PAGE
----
As was the custom and law of the time, Elizabeth received one third of the land as her dowry, and the rest was divided between the children. Alexander’s personal property, including household items, was sold at auction… the proceeds divided between the eight children, leaving for each heir three hundred and forty seven dollars and thirty seven cents. The irony of this custom is that Elizabeth had to buy back enough of the household items to stock her house again! Elizabeth, only thirty-four at the time of her husband’s death, would soon marry a second time to an older man, Henry Covington II (whose first wife was Sara Hunter). It is thought that they had two or perhaps three daughters, although proof has not been found as of this writing. Elizabeth, by buying land herself, was able to amass a sizable estate, including some holdings left to her by her second husband. Upon her death, the division of this estate created considerable rift among her heirs as court records show. Elizabeth died August 1, 1886 and is buried in the Smith Family Cemetery located about 400 yards NW (toward Hamlet) of the intersection of Hamlet Road (#381) and Jessie Smith Road, and lies on the opposite bank of the CSX Railroad right of way. It is now much overgrown.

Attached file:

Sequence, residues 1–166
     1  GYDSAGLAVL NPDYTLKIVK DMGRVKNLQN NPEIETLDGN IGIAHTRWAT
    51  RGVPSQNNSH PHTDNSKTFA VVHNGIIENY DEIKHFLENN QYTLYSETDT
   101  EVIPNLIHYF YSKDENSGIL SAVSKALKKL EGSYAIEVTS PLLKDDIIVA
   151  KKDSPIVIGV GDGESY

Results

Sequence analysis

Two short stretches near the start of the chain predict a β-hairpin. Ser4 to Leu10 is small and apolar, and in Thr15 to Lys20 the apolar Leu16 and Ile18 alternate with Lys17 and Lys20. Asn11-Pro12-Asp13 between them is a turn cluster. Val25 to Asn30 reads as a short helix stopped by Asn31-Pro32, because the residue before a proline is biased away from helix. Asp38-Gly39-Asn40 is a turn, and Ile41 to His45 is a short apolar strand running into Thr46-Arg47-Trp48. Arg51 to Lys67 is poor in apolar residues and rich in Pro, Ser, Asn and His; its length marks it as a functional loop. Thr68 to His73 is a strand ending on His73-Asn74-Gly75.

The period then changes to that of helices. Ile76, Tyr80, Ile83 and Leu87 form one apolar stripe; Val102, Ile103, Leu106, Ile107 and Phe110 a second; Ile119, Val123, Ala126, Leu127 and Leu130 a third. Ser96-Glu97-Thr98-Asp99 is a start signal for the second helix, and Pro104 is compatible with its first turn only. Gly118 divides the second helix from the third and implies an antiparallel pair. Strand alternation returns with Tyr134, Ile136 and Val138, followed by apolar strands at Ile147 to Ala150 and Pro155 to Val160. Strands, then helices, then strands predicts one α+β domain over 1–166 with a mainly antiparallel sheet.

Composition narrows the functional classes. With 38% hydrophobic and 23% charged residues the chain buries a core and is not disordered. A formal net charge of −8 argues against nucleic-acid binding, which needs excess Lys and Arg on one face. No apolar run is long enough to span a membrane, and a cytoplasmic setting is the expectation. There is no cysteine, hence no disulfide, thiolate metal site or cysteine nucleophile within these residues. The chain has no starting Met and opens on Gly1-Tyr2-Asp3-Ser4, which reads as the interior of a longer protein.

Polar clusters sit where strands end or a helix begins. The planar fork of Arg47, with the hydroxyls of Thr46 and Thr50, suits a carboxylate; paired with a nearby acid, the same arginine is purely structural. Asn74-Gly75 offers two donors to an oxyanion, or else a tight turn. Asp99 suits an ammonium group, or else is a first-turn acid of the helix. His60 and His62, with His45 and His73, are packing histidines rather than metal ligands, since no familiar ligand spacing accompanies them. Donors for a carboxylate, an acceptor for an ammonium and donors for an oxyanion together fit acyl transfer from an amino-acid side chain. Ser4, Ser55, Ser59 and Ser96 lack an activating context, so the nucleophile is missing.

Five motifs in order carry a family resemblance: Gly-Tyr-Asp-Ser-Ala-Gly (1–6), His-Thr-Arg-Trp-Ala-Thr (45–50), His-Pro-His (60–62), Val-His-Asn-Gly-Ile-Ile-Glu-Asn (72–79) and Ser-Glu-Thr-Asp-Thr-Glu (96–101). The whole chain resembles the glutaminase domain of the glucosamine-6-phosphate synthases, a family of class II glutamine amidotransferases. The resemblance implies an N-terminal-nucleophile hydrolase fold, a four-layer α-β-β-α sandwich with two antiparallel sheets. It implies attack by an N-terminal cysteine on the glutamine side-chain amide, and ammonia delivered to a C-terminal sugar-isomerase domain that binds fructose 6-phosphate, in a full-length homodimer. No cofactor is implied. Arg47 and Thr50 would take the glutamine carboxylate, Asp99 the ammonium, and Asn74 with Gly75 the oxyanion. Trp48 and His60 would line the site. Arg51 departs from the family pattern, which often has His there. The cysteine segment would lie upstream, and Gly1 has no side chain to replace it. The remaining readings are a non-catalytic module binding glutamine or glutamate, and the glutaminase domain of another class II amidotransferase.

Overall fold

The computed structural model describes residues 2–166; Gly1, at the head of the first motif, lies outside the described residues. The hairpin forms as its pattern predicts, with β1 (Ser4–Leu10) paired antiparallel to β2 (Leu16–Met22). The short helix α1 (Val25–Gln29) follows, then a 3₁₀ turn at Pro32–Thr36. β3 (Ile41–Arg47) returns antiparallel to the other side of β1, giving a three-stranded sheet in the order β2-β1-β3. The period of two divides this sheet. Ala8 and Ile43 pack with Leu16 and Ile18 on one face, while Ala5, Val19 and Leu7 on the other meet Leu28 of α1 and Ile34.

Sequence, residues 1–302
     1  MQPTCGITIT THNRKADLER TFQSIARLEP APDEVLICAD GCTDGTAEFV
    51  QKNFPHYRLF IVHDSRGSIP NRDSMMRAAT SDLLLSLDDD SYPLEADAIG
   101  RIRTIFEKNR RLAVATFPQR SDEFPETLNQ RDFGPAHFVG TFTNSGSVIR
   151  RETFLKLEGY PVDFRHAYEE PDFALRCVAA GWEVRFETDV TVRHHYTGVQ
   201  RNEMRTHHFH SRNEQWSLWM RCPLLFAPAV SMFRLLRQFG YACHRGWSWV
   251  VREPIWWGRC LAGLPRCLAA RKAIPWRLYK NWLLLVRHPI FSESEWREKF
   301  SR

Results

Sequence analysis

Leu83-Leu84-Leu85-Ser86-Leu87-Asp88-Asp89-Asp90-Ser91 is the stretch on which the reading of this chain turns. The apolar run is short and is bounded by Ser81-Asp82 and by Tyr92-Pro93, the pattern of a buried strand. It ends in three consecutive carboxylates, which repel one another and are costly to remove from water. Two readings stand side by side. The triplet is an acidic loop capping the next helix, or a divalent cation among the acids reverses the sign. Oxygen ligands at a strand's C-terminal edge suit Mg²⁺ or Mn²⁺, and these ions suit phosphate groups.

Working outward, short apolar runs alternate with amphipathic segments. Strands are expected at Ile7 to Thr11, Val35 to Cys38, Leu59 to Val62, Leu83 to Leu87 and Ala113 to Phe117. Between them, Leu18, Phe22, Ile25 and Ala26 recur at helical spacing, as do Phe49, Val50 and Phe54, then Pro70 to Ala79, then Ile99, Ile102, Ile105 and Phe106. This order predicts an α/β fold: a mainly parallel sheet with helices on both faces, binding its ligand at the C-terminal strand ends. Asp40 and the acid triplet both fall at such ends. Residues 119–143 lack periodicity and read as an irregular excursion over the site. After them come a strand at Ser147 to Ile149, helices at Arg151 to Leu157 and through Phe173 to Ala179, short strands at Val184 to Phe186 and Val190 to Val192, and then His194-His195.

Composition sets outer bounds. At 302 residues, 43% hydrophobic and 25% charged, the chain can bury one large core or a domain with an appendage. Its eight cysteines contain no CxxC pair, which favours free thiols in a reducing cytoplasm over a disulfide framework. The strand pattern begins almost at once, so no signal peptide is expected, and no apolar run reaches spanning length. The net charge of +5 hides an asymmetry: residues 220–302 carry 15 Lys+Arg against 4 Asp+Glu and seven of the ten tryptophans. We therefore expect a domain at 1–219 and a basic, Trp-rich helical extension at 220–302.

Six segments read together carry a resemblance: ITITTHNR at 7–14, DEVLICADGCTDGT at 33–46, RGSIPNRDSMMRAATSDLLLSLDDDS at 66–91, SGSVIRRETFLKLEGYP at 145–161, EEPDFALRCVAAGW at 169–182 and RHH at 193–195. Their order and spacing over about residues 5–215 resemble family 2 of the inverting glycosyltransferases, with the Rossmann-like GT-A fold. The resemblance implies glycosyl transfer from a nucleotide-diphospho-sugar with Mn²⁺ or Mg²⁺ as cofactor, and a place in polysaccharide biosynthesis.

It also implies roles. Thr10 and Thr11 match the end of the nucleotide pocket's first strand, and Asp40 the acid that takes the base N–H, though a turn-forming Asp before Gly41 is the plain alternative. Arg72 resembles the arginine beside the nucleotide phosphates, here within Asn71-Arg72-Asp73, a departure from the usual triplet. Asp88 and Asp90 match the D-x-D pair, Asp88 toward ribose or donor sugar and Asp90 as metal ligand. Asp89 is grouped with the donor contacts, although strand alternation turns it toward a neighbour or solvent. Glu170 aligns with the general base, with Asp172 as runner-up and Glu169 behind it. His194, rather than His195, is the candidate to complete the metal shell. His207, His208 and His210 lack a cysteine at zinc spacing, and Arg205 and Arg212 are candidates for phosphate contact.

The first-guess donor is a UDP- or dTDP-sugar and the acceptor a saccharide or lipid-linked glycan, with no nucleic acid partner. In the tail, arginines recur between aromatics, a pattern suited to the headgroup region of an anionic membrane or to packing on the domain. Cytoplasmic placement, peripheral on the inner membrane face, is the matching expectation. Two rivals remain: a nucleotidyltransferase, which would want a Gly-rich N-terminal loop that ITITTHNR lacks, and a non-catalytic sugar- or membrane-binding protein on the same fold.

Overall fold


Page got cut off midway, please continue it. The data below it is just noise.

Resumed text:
Alexander Smith and Elizabeth Hodges had eight children, Anna, Lucy, Martha, Duncan, John H., Frances, Anderson and Alexander. Duncan Smith married, c1846, Jane (unknown) and had nine children, William, Moranda, Robertson, Sarah, Eli, Martha, Alexander, Daniel and Laurence. John H. Smith married first, c1852, Mary Ann Stephens and had eight children, Archibald, Henrietta, Lucinda, Walter, Alminia, Roswell, Robert E., and Maggie. After Mary Ann’s death, John H. Smith married second, c1884, Honor Gibson and they had one child, Mollie. Frances Smith married, c1844, James P. Covington, son of Henry Covington II and Sarah Hunter. Frances and James had six children, Victoria, Alexander, John, Lucy and Martin Luther. Anderson Smith married, c1860, Jane Catherine Stephens, sister to Mary Ann Stephens mentioned above, and they had nine children, Ella, Benjamin, Yancey, Brantson, Delilah, Bascome E., Colen Frederick, Augusta M. and Ida. Alexander Smith married, c1860, Jane Smith, a distant cousin, and they had six children, Jane, John W., Henry, Elizabeth, Sara Frances and Luther M.